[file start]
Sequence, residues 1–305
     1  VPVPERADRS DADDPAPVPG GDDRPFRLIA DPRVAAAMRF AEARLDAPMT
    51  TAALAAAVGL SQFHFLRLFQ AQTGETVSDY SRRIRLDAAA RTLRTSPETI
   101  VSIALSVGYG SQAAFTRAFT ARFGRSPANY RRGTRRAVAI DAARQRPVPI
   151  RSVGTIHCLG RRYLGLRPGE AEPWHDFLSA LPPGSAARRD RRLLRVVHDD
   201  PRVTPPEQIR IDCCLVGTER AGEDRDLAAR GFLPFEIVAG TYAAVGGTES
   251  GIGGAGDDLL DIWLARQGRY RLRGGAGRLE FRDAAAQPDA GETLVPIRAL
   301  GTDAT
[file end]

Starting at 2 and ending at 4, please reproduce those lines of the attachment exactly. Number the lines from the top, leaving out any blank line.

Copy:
     1  VPVPERADRS DADDPAPVPG GDDRPFRLIA DPRVAAAMRF AEARLDAPMT
    51  TAALAAAVGL SQFHFLRLFQ AQTGETVSDY SRRIRLDAAA RTLRTSPETI
   101  VSIALSVGYG SQAAFTRAFT ARFGRSPANY RRGTRRAVAI DAARQRPVPI